Updated Tue, Sep 17, 2013 by ricoxg
There was a time when the only games we got were the ones that guys in suits thought we wanted. Crowd-funding stood that old concept on its ear, and here to put another stick in the eye of the establishment is Jaques Rossouw and his team at NeoJac Entertainment. They just started a Kickstarter campaign for their new game Neo’s Land, and so far I really like what I’m seeing. Wanting to learn more, I put some feelers out and landed an interview with Mr. Rossouw about the new game.
Ricoxg: Mr. Rossouw, thank you for taking the time to talk to me about your new game. I’ve heard this term “crowd-design” applied to Neo’s Land. I don’t think I’ve heard of that before. What’s a crowd-designed game?
Jacques Rossouw, CEO of NeoJac Entertainment: What we mean when we say that Neo’s Land is a crowd-designed game is that we basically allow the community to design the game from the ground up. The community holds round-table discussions about components of the game’s design and we take that feedback and attempt to put it right into the game. So they decide what features they’d like to see and we try to implement them.
Ricoxg: What are some of the features want that you guys will be implementing based on what the community has said that they wanted?
Jacques: We started the round-tables about two months ago and the first thing everyone wanted was a housing system. They wanted to be able to construct houses, but not be restricted in how they build them. So we came up with a sort of grid system where you can build your house wall by wall. It’s a modular blueprint system so you can put the pieces together however you want and build your house through this grid system.
Then the community had more discussions about it and there were some concerns about people building houses just anywhere and everywhere. There was some worry that we might end up with forests full of houses and houses in bad spots, so we took that feedback and tried to find a way to act on it. What we did was to come up with a system where houses are built on these grids that you buy with in-game currency, but you have to find the grids first. That allows us to control a little where people build, but players don’t start off knowing where all that is. They have to probe for these grids, and when they find them, they can build there.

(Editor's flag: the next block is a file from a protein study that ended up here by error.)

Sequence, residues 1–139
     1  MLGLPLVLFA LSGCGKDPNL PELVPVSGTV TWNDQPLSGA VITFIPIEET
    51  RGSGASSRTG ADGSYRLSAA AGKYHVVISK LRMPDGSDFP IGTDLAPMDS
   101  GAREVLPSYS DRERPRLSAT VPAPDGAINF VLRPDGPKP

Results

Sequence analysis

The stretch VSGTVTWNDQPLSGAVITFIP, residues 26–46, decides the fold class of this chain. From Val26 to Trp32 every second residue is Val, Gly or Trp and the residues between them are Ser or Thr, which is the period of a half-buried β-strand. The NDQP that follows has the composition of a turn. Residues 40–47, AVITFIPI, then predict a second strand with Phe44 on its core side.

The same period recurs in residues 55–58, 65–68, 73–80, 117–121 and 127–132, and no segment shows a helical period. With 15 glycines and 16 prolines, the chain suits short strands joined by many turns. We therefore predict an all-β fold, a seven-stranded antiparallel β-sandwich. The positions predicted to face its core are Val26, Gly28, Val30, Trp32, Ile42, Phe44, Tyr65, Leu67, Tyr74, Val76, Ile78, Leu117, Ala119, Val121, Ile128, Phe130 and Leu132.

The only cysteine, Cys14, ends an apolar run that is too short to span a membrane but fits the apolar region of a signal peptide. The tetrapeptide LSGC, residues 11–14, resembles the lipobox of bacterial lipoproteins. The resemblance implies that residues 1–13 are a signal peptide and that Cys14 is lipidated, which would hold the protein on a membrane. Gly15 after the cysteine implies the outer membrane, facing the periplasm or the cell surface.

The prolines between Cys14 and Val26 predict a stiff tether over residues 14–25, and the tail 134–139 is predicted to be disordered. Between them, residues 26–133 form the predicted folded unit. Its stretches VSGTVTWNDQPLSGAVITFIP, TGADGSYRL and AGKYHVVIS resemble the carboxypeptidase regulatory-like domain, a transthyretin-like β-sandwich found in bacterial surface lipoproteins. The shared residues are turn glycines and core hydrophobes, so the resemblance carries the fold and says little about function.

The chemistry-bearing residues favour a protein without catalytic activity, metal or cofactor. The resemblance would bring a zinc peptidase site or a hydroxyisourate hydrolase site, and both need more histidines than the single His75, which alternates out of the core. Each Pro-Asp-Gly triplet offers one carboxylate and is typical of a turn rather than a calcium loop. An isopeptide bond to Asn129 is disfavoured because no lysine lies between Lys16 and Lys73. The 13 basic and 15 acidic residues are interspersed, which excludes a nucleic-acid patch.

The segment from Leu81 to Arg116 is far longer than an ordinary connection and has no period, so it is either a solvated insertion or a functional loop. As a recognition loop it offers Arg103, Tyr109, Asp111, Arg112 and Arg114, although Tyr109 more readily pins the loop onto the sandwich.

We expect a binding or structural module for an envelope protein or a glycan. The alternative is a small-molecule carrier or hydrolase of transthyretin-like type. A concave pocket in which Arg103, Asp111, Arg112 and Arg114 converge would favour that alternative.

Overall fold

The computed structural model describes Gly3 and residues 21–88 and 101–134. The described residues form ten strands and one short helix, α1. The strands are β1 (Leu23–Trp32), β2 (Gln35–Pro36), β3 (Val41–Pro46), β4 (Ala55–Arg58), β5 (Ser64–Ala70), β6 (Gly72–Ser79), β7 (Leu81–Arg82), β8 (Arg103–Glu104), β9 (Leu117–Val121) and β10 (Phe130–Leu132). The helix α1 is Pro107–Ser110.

Ricoxg: How do you keep someone who finds a grid area from being greedy and just buying them all up?
Jacques: You’ll also have to pay upkeep on your house. You can buy up all the grids and build on them, but it’ll cost you a lot of money to do it. Also, it helps cut down on abandoned houses so you don’t spend half an hour running past empty house after empty house.
Ricoxg: So what about player crafting and that sort of thing? Will you be able to sell stuff out of your house?
Jacques: Oh yeah. Crafting will be a very important component of the game. One big part of that is that there will be no world auction house in the game, so you’ll have to go to someone who’s selling something if you want to buy it.
We really wanted to promote interaction in the community through trading. We want people to go look for deals. Say a certain area will have a lot of a particular resource, and that resource is relatively cheap in that area, but as you get farther away the price goes up due to the cost of transportation.
You’ll see that sort of ties into the inventory system a little as well. Items will have weight to them. That means you can’t go mine a bunch of stone and put it in your inventory because it’ll be too heavy. You’ll have to get a cart, or a wagon, or something like that and maybe you need a friend or pack animal to help you carry it.
So you might see players setting up a transportation business to move goods between cities. They’ll need places to meet each other and store shipments, maybe sell items as well. Player housing isn’t just prestige, it’s where traders might conduct meetings, house livestock, warehouse goods, setup shop to sell stuff. Things like that.